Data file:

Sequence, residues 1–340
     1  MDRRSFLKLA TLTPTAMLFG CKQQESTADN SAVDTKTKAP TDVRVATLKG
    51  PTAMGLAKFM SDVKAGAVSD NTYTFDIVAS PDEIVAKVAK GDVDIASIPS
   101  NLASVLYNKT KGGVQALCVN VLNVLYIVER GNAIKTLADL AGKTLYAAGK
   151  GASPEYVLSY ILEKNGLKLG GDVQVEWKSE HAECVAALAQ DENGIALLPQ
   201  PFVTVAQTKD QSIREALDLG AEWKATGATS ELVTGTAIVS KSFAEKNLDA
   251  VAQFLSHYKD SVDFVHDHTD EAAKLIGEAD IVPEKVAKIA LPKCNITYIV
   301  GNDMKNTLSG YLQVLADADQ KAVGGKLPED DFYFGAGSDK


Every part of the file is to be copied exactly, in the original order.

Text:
Sequence, residues 1–340
     1  MDRRSFLKLA TLTPTAMLFG CKQQESTADN SAVDTKTKAP TDVRVATLKG
    51  PTAMGLAKFM SDVKAGAVSD NTYTFDIVAS PDEIVAKVAK GDVDIASIPS
   101  NLASVLYNKT KGGVQALCVN VLNVLYIVER GNAIKTLADL AGKTLYAAGK
   151  GASPEYVLSY ILEKNGLKLG GDVQVEWKSE HAECVAALAQ DENGIALLPQ
   201  PFVTVAQTKD QSIREALDLG AEWKATGATS ELVTGTAIVS KSFAEKNLDA
   251  VAQFLSHYKD SVDFVHDHTD EAAKLIGEAD IVPEKVAKIA LPKCNITYIV
   301  GNDMKNTLSG YLQVLADADQ KAVGGKLPED DFYFGAGSDK